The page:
But I try to be at least a little open-minded, and the Reserve Bank does publish data on fixed rate offerings.  I had a look at their table of new special residential mortgage rates for various initial fixed terms, and updated it to now from the tables  on   Unfortunately, since the end of last year the typical offerings –  fixed rate specials –  has only fallen by about 25 basis points.  At best, the one year rate is down by about 35 basis points.  And did I mention that inflation expectations are down about 70 basis points.

What about term deposit rates?  Again, I mainly focus on the six month rate because there is a very long-term time series. But the Reserve Bank does now publish data for a wider range of maturities.  Again, I updated the numbers to today.  Very short-term rates (1-3 months) seem to have come down perhaps 50 basis points since the end of last year, but for any longer terms the fall is only around 30 basis points.  Perhaps I’ve mentioned that inflation expectations have fallen about 70 basis points?

We don’t have anything like that transparency around business lending rates but I suspect we are pretty safe in concluding that those real interest rates won’t have fallen either.

And all this amid the biggest economic slump on record…..and with all that (alleged) support from the bond purchase programme.

As it happens, of course, we can get a direct read on real interest rates from the inflation-indexed government bond market.  There are the yields for the four bonds on issue, with maturity dates from 2025 (now about five years) to 2040.

IIBs longterm

You can see the huge spike in yields in March, at the time of the global asset liquidation. But once one looks through that what one notices is that current real interest rates are not as low now as they got in August/September last year and barely different that they were in December.  The Reserve Bank’s bond-buying programme is not at present buying inflation-indexed bonds, but those yields will have been affected anyway.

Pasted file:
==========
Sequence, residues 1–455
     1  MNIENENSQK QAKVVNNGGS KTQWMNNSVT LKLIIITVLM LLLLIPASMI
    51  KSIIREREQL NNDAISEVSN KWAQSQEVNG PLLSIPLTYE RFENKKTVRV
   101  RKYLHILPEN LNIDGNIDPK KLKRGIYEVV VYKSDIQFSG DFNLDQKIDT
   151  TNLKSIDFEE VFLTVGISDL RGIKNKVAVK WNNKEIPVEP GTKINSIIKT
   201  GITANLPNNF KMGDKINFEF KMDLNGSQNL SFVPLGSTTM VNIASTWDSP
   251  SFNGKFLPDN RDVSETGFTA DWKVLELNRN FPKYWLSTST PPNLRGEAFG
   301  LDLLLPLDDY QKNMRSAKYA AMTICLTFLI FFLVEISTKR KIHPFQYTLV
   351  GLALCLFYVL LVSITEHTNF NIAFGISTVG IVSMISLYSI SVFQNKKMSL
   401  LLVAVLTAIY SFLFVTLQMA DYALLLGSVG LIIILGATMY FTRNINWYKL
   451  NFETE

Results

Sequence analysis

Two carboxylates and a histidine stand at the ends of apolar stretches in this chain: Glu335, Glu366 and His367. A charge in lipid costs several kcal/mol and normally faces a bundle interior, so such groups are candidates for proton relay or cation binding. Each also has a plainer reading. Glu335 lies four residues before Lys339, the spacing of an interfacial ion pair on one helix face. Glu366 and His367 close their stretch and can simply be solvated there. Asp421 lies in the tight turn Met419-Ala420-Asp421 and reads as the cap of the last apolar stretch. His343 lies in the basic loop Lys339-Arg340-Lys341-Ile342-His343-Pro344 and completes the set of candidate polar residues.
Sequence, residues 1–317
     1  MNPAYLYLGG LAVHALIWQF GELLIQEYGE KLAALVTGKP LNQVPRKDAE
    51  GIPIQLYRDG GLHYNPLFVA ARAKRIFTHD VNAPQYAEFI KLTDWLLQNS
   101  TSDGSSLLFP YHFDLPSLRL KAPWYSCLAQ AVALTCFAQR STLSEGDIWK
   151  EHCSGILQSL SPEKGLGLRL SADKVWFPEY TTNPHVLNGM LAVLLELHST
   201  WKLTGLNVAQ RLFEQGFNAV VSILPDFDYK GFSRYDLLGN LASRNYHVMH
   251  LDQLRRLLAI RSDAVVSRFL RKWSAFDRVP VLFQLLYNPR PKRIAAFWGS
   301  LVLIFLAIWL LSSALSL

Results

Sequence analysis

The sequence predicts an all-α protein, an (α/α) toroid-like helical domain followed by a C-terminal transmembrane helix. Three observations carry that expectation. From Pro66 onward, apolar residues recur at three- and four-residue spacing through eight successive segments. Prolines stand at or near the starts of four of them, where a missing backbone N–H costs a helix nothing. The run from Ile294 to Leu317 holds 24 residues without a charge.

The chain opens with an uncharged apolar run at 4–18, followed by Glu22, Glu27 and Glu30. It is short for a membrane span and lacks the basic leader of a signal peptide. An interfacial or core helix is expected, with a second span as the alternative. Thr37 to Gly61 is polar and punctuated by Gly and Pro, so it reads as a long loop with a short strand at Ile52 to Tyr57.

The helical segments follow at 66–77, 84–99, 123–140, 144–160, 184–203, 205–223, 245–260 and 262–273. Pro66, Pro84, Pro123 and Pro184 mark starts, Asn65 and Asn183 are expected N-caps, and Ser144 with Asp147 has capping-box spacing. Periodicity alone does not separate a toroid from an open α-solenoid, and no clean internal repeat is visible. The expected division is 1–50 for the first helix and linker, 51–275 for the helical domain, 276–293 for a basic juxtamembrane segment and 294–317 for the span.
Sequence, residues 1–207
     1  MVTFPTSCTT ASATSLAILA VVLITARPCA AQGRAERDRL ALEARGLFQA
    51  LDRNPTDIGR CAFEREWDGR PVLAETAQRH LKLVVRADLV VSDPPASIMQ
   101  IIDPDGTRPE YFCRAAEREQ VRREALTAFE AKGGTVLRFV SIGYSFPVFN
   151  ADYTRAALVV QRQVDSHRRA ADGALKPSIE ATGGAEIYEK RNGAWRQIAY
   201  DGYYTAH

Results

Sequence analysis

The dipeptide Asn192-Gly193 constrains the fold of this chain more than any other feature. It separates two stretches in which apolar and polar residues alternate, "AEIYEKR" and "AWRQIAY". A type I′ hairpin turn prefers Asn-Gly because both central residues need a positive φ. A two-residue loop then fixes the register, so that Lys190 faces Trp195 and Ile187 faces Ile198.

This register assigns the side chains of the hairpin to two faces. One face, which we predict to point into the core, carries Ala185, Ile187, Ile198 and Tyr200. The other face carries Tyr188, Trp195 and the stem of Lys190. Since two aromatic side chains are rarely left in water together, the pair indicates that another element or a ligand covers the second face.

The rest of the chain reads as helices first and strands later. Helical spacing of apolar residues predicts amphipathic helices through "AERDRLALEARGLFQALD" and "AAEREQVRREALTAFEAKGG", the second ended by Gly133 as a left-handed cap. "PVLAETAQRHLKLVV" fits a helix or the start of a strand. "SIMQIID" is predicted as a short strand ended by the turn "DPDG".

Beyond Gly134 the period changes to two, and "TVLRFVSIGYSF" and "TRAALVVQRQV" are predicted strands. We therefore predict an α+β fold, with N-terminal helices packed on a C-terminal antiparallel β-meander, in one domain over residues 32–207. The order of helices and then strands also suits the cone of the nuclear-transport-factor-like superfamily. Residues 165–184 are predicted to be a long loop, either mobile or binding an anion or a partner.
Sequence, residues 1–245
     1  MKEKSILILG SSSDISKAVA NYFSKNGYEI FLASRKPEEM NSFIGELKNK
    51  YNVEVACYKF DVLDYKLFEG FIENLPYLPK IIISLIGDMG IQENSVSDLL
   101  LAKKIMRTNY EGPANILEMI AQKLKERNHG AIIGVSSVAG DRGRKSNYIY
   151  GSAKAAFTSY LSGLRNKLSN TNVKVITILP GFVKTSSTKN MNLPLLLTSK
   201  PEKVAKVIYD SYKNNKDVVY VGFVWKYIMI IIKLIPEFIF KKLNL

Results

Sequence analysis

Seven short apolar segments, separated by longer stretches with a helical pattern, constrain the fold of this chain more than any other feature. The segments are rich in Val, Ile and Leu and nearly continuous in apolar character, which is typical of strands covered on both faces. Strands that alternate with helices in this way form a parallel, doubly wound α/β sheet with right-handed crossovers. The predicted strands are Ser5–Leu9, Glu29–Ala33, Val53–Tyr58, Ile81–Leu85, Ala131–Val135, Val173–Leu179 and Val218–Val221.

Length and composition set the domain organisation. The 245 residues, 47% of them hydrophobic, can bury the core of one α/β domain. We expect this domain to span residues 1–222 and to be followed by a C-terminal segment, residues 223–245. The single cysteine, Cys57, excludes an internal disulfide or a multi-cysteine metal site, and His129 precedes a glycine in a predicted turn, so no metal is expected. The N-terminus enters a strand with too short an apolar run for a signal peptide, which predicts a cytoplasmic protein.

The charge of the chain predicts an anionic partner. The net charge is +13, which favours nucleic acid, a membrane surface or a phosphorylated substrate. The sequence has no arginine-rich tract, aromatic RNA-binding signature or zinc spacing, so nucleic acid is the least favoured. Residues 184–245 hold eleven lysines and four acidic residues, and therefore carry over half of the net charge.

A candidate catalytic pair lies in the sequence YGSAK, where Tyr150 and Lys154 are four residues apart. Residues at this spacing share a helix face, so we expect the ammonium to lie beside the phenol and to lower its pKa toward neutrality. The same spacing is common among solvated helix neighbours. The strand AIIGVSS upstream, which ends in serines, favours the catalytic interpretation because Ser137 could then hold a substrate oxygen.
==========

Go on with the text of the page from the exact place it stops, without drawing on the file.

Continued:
In isolation perhaps that wouldn’t be so interesting –  after all, perhaps the market was just banking on a really quick rebound in economic activity.  But this chart is much the same one but for the United States.


In the US, even the longest-term indexed bond yield is a lot lower now (50-60 basis points on a 30 year bond) than it was in the second half of last year.  And recall that the US government debt is a lot higher –  share of GDP –  than ours is, or is likely to become.

What explains the difference?  Well, one factor –  probably not the only one –  is that the US Federal Reserve has cut short-term interest rates this year a lot more –  150 basis points – than most other countries, including New Zealand.    Lower short-term rates often influence long-term rates.  When our Reserve Bank refuses to cut the OCR more – in fact not at all in real terms –  perhaps it isn’t that surprising our real longer-term yields haven’t come down.

Incidentally, there was some excitement last year when, for a time, New Zealand nominal government bond yields fell below those in the United States.    But do note that end-point levels on those two charts: New Zealand real 20 year bond rates are just over 50 basis points, while comparable US rates –  as a much more heavily indebted borrower –  are about -25 basis points.   We can even compare implied market rates for the second 10 years of a 20 year indexed bond: in the US -10 basis points, and in New Zealand around +90 basis points.

So for those who are keen on the really low interest rate narrative and the suggestion that governments should be borrowing-up large, just recall (a) interest rates are low for a reason, (b) New Zealand long-term interest rates remain well over those in the United States (itself a relatively high interest rate advanced country soveriegn borrower, and (c) for what its worth, our long-term productivity performance has been lousy (productivity is relevant here because a country with really rapid productivity growth on a sustained basis might tend to support sustainably higher real yields).

For now, we all await the Monetary Policy Statement tomorrow. If there was jusr one question I’d like to see journalists ask the Governor (or MPs if FEC is having a hearing) is “quite what is there to lose from doing what it takes to drive the OCR deeply negative, as former IMF chief economist Ken Rogoff advocates?”    Is the recession not deep enough, unemployment not high enough, or are perhaps upside inflation risks troubling you?  We deserve to know.  On the face of it, the MPC simply isn’t doing its job.

In the meantime, if anyone is interested in tuning in I’m appeared at the Epidemic Response Committee at about 11 tomorrow, to talk about economic policy responses to the impact of the coronavirus –  both what’s been done to date and what might need doing (the Committee proceedings are livestreamed and are also on Parliament TV).  Appearing straight after me is Ian Harrison of Tailrisk Economics whose work I’ve linked to here on various occasions.  From talking to Ian, his session should be particularly stimulating.